The argument against this tax is that Wales is in no position to be presenting more barriers to tourism. Of course, it’s possible that taxes raised will fund the tourist sector and make Wales a more attractive destination, but does anyone seriously think this (or any other) government will spend taxes prudently?

64726746285028
64726746285028
23 days ago
Reply to  Adrian

Perhaps the debate from the sector should focus on how the funds raised might be spent to better manage and develop the sector. A small levy that results in more visitors in more parts of Wales for more of the year, and the higher room rates that follow, clearly pays for itself.

Charles
Charles
24 days ago

I live in Gwynedd and support a tourist tax. The tourist use facilities that need to be maintained. Roads, toilets, paths, beaches etc. The tax will help reduce the burden on residents paying cou council tax as they have to put up with the inconvenience of tourists.
I would hope also that car parking charges will be dropped as they usually cost more than thay bring in and push visitor parking onto residential streets.

Kate
Kate
24 days ago

Tourists do pay tax in Wales, as VAT. 1.6 billion a year. If they are from London and South east they pay 30% of all u.k. tax ( workers too, not just bankers, who go to Tuscany ) so pay significantly towards Wales’s 20 Billion leveling up grant. Etc. They might be arseholes but I think they’re entitled to come, inconvenient or not. When here they contribute significantly towards the Welsh GDP. Croatia, Venice, Barcelona etc. have sunshine, and are relatively cheap. It’s no mystery why they can slap on a tax, paid by the hotel or whatever by the… Read more »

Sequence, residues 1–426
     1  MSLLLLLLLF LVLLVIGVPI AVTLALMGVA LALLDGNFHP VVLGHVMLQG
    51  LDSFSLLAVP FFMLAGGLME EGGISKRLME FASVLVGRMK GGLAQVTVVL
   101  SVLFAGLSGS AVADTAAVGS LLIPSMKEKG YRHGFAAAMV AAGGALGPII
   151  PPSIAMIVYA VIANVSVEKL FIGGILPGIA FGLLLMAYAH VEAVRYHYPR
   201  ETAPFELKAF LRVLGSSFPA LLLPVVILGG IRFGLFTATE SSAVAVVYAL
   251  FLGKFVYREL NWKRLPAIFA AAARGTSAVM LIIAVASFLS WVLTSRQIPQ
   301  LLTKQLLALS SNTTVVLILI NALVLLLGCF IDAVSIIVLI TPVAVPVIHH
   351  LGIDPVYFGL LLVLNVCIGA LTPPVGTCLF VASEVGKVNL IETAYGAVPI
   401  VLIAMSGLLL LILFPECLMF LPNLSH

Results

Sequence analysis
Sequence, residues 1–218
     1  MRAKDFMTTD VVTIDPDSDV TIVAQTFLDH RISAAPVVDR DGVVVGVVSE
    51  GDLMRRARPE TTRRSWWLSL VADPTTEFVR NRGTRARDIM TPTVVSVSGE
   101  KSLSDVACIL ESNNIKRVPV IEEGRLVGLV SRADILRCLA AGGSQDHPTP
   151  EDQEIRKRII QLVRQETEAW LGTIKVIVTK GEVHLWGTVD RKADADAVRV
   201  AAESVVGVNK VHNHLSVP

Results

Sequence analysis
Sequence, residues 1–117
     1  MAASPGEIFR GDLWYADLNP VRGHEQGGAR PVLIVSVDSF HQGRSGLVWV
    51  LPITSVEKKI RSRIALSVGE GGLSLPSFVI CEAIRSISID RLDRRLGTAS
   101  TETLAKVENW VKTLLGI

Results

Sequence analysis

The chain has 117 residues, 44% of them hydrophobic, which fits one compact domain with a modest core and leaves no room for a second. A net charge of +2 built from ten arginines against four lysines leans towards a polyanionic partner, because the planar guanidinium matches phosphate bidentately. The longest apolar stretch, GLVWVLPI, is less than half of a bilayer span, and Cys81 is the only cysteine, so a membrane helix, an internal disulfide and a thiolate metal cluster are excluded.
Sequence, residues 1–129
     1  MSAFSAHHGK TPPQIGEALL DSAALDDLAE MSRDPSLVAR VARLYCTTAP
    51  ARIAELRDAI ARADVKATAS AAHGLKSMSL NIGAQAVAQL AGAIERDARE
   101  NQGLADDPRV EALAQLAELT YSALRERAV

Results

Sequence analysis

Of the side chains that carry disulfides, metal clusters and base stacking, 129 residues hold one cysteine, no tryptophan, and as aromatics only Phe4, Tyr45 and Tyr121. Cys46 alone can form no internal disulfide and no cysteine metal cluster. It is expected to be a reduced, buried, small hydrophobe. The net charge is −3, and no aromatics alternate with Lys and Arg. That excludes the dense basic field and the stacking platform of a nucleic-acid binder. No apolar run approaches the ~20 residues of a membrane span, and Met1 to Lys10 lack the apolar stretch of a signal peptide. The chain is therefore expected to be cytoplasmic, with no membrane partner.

Rhddwen y Sais
Rhddwen y Sais
24 days ago
Reply to  Kate

Ah yes but Wales has glaw maen. How many other rourist hot spots have that?

CapM
CapM
24 days ago
Reply to  Rhddwen y Sais

If we had glaw maen we wouldn’t be bothered by any tourists.
Going out of the house would be a challenge though.

CapM
CapM
24 days ago
Reply to  Kate

“Venice, Barcelona etc. have sunshine, and are relatively cheap”

Based on sunshine and cost these would presumably be the Venice in Zimbabwe and the Barcelona in Bolivia.

Richard Davies
Richard Davies
24 days ago
Reply to  Kate

For a long time tourists did not pay VAT or duty, they had to start paying it from 1 Jan 2021 and the right-wing press (telegraph, mail & express) have been campaigning to reinstate VAT- & duty-free shopping. There are plenty of reasons for tourism, not the weather. The geography of Cymru with the number of hills and mountains. The Severn bore – the world’s second highest tidal range. We get an awful lot of american and Japanese tourists (both are welcome along with those from elsewhere) thanks to the number of castles within Cymru. (Estimated are 400 ~ 1000+,… Read more »

Kate
Kate
23 days ago
Reply to  Richard Davies

They could claim a refund of vat when leaving at Heathrow say, on high end stuff, but not booze, petrol, dining out etc. If they could, where’s the 1.6 billion comes from?

Leonard Easter
Leonard Easter
23 days ago

Tax tax tax so much tax

Our Supporters

All information provided to Nation.Cymru will be handled sensitively and within the boundaries of the Data Protection Act 2018.